4 Indians to Catholicism. She certainly disapproved of enslaving them. Columbus said slavery was good if it brought in money to the colony (and to him). Soon fighting broke out between the Indians and the Spanish. The Spanish had better weapons; they killed many Indians and enslaved others, but the fighting made everyone uneasy and tense. Columbus decided to return to Spain for more men and supplies. He arrived in Portugal on June 8, Columbus third voyage included six ships and left Spain on May 30, They split up with three ships going directly to Hispaniola; Columbus took the rest of the ships and explored farther south. Columbus group had many problems with poor winds and water shortages, but they did find the island of Trinidad, named for three large hills that reminded Columbus of the Holy Trinity. They also saw the coast of South America for the first time. Feeling ill, Columbus ordered the ships back to Hispaniola. When he arrived, he found the colonists in open revolt, mostly due to complaints about the way the small amounts of gold were divided among the colonists. Columbus unhappily agreed to the rebels complaints and ended the revolt. King Ferdinand and Queen Isabella were disappointed with Columbus rule (and meager gold shipments) and appointed a royal commissioner with a higher rank to replace Columbus. When the new commissioner arrived, he arrested Columbus and sent him back to Spain as a prisoner. This was more punishment than the king and queen intended. In Spain, King Ferdinand and Queen Isabella quickly freed Columbus, paid him his share of the voyage s profits, and replaced the royal commissioner they had sent. However, they did not restore Columbus title of Admiral of the Ocean Sea. Columbus organized a fourth voyage. It was May He was 51 years old and in poor health. This would be a smaller voyage of four ships and one hundred forty men, including his brother, Bartolomeo, and his son, Fernando, who was13. He sought a waterway Marco Polo, an Italian merchant who had traveled through Asia many years before, had mentioned. Of course, it was not likely they would find this waterway in Central America. By this time, some people were beginning to think Columbus discoveries might not be in Asia, but might be unknown lands. Da Gama had successfully reached India from Portugal by traveling around Africa. John Cabot (an Italian named Giovanni Caboto) had explored the east coast of North America and claimed it for Britain. Even Columbus started talking about the lands he explored as another world and a very large continent which until now has remained unknown. CICERO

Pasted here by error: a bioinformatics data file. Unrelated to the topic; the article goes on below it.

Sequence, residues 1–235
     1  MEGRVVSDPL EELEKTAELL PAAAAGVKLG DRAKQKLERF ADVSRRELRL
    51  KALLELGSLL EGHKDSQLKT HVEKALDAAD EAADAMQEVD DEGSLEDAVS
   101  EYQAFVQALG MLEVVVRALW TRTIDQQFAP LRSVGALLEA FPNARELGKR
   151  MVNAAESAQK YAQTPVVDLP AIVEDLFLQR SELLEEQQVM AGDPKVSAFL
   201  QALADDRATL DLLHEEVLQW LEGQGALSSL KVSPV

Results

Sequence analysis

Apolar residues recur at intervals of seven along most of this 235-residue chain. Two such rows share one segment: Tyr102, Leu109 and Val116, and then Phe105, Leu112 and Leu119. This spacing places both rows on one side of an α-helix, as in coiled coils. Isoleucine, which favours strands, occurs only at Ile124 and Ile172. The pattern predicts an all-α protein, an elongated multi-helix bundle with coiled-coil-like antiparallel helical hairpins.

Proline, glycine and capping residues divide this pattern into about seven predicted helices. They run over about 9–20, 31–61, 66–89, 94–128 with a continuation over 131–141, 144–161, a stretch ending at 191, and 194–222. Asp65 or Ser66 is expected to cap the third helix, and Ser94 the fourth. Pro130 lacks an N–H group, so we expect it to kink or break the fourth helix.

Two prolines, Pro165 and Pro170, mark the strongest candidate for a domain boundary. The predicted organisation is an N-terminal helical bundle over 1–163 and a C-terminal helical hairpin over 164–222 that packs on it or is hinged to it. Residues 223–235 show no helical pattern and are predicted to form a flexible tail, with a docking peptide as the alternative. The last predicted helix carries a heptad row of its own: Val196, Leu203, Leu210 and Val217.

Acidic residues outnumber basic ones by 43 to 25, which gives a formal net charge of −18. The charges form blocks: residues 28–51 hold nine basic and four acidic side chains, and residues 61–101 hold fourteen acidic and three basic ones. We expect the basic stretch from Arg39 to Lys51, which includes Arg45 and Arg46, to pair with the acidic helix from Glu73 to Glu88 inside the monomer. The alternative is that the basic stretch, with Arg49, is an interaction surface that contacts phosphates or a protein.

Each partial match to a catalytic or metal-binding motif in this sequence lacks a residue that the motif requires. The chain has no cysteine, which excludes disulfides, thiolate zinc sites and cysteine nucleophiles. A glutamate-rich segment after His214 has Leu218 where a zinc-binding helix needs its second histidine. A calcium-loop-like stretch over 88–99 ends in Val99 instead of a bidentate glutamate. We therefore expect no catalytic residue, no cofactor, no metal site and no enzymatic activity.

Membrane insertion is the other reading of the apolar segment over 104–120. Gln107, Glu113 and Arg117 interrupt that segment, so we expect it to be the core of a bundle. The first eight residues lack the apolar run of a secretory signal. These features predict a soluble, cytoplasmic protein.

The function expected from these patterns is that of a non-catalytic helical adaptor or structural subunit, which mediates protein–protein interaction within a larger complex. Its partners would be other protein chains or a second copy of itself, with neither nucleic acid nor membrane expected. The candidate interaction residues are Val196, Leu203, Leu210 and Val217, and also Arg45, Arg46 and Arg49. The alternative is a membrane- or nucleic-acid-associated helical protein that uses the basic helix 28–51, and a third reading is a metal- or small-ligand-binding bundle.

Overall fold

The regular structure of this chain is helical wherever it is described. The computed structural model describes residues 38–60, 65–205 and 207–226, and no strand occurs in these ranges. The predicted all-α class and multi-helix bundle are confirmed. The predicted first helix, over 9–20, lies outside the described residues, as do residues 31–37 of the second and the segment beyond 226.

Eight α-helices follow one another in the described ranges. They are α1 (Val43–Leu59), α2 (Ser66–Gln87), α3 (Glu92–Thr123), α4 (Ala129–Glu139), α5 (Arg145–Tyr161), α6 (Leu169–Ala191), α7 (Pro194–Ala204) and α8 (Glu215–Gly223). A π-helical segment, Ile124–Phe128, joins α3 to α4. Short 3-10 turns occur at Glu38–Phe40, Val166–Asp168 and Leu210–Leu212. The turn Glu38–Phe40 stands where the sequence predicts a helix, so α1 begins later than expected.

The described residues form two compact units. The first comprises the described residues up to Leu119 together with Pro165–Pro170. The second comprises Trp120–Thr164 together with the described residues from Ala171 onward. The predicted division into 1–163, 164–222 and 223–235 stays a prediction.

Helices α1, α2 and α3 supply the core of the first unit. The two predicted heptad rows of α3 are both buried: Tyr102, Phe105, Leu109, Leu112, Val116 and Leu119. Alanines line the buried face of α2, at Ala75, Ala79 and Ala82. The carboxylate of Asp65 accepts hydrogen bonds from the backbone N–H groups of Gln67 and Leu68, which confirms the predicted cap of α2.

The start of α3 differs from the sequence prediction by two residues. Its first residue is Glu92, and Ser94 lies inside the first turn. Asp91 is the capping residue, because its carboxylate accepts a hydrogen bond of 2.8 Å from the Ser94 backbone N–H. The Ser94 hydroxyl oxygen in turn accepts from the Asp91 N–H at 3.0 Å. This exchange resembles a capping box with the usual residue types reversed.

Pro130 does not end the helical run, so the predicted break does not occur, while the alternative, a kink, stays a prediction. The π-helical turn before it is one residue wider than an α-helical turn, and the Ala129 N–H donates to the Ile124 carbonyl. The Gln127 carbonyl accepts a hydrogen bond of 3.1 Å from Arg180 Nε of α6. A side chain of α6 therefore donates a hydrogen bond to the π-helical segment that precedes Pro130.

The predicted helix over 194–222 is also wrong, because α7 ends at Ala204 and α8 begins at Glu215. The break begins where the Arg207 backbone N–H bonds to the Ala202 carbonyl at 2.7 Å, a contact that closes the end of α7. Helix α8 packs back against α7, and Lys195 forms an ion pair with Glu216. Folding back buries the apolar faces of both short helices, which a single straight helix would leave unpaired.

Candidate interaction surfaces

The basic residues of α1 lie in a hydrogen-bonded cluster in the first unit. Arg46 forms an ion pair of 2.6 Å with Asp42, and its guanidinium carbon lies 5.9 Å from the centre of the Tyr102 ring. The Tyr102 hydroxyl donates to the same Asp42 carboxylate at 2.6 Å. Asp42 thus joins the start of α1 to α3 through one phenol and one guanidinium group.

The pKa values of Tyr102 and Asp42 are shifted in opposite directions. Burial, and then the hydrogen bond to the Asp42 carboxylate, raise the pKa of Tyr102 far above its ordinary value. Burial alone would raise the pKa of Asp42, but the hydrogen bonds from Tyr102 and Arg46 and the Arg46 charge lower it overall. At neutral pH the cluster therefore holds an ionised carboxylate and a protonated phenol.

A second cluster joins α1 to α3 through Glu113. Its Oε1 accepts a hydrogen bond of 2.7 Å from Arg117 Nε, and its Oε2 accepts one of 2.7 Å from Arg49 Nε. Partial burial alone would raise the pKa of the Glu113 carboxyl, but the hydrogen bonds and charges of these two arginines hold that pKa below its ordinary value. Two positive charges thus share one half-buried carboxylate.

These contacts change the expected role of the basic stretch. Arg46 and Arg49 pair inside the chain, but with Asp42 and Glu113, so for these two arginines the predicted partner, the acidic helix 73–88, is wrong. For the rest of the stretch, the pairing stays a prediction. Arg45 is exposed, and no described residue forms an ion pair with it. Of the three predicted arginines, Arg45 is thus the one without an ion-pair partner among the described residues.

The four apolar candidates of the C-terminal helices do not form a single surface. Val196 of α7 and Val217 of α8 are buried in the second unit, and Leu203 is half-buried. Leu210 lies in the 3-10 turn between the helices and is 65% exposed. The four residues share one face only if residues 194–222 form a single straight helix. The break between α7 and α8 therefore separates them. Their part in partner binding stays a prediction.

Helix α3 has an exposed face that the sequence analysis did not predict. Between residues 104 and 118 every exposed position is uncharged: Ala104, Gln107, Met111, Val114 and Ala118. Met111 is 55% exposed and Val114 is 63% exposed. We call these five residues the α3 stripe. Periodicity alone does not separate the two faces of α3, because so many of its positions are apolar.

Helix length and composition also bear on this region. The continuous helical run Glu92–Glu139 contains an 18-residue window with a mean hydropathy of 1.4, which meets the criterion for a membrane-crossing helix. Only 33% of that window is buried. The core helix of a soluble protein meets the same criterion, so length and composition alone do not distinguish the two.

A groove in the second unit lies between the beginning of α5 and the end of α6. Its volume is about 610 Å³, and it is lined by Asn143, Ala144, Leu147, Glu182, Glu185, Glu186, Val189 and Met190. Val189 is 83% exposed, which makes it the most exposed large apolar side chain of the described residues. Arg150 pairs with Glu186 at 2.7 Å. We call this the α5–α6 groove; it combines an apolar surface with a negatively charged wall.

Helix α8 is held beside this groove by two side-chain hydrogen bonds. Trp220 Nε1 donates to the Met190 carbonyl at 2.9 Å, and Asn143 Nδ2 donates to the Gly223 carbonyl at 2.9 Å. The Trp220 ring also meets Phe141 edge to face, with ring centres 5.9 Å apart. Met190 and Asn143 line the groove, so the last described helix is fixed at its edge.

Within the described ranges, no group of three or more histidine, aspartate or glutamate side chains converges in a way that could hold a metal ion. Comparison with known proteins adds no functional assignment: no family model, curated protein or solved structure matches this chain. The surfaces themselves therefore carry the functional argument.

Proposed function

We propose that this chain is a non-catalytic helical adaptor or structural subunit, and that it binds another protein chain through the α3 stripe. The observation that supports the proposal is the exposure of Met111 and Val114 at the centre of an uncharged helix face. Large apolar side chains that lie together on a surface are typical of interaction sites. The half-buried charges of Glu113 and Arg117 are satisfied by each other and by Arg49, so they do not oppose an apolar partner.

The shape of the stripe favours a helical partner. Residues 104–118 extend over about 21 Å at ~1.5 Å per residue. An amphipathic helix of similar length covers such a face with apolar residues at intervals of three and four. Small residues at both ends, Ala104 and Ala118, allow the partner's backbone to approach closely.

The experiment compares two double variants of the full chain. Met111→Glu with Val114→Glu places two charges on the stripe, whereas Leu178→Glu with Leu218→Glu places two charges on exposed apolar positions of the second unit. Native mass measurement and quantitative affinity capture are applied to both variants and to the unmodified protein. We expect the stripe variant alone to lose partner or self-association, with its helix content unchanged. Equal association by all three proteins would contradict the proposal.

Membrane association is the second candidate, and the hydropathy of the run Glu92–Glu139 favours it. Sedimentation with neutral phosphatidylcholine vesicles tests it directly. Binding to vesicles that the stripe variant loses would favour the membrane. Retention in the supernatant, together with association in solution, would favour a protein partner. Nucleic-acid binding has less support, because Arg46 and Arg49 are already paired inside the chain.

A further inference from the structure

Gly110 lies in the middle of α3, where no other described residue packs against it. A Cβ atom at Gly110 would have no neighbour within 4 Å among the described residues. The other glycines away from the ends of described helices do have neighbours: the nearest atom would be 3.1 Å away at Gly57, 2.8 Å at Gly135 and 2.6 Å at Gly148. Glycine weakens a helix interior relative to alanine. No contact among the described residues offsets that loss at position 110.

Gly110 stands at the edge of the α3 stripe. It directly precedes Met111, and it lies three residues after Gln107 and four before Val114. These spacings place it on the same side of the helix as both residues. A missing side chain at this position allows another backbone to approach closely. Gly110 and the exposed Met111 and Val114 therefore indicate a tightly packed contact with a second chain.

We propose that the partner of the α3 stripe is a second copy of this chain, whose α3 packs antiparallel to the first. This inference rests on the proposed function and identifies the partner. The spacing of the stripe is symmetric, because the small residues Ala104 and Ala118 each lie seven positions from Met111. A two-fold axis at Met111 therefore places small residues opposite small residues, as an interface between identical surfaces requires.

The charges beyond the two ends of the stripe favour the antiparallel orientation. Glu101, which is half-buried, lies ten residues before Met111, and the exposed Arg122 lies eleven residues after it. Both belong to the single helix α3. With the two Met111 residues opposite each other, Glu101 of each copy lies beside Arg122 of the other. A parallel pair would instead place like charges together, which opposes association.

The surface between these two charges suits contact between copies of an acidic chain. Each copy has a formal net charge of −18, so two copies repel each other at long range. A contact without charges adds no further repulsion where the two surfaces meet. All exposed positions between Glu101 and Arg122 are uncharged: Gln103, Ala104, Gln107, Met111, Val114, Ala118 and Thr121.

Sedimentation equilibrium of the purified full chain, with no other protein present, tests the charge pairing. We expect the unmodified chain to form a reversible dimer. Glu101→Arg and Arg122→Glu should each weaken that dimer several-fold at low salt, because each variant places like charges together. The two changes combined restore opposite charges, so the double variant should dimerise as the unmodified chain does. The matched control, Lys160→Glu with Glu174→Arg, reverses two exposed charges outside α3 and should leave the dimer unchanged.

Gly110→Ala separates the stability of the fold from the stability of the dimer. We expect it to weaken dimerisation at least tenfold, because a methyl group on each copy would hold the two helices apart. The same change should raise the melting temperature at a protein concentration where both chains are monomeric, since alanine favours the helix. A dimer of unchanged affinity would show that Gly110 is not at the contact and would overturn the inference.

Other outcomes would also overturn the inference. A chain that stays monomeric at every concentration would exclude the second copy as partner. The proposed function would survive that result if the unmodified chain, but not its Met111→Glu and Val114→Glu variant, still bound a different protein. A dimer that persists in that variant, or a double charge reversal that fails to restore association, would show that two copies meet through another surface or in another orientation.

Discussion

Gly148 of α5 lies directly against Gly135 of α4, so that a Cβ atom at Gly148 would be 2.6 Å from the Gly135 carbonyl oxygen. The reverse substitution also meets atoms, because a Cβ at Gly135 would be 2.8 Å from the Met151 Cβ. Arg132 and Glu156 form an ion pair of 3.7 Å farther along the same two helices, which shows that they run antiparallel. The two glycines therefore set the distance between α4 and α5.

5 When Columbus arrived in the new colony of Santo Domingo, there was a big storm building behind him. Columbus reputation had slipped since his first voyage, and the royal governor in Santo Domingo laughed at Columbus storm warning. He refused Columbus permission to take shelter in his harbor. He also sent out a treasure fleet on its way back to Spain, even though Columbus warned him the fleet would be sailing right into a hurricane. The governor refused to listen to Columbus warnings. When the storm hit the treasure fleet, most of the ships sank. A few barely made it back to Santo Domingo. Only one of the twenty-eight that set out made it to Spain. About five hundred people died in the shipwrecks. The governor should have listened to Columbus. He had his weaknesses, but he knew the sea and ships. Columbus found a safe spot for his ships in a river near Santo Domingo where they weathered the storm. Columbus went on to Honduras and fought stormy seas. When he reached Panama, he found a strait that looked like the one he was seeking. Columbus was sure they had accomplished their mission. They also met Indians who traded with them for many gold objects. As they moved on, they found less gold; so they tried to go back, but there were storms. Near a river in Panama, they attempted to build a fort; but the Indians were too hostile. Columbus gathered his three remaining ships and sailed for Spain. Soon, one ship, its hull infested with woodworms, had to be abandoned. Another storm struck them off the coast of Cuba, and Columbus had the two remaining battered ships run aground on Jamaica. They paid some local Indians to take Captain Diego Mendez and another sailor in two canoes to Hispaniola for help. They had to paddle a hundred miles, but Mendez could not get the Spanish governor there to send a ship for Columbus and his crew. He could not return to Jamaica with another ship for a year! Columbus arrived in Spain on November 7, Christopher Columbus became ill not long after his return to Spain and died on May 20, He may have died from gout or a rare tropical disease. Columbus died disgraced but still thought he had reached Asia. The money he made from his voyages, however, kept his family wealthy. No matter what people thought about Columbus, they still kept coming to the colonies he had founded. New settlers built more of them and stayed. Eventually, they realized this was not Asia, but a new land. American Indians also learned of unknown lands and peoples beyond the sea. This new knowledge often came with devastating new problems. Even today, most Indians do not think of Columbus Day as a happy holiday. For both peoples, the voyages of Columbus made big changes in their idea of the world in ways Columbus never expected. CICERO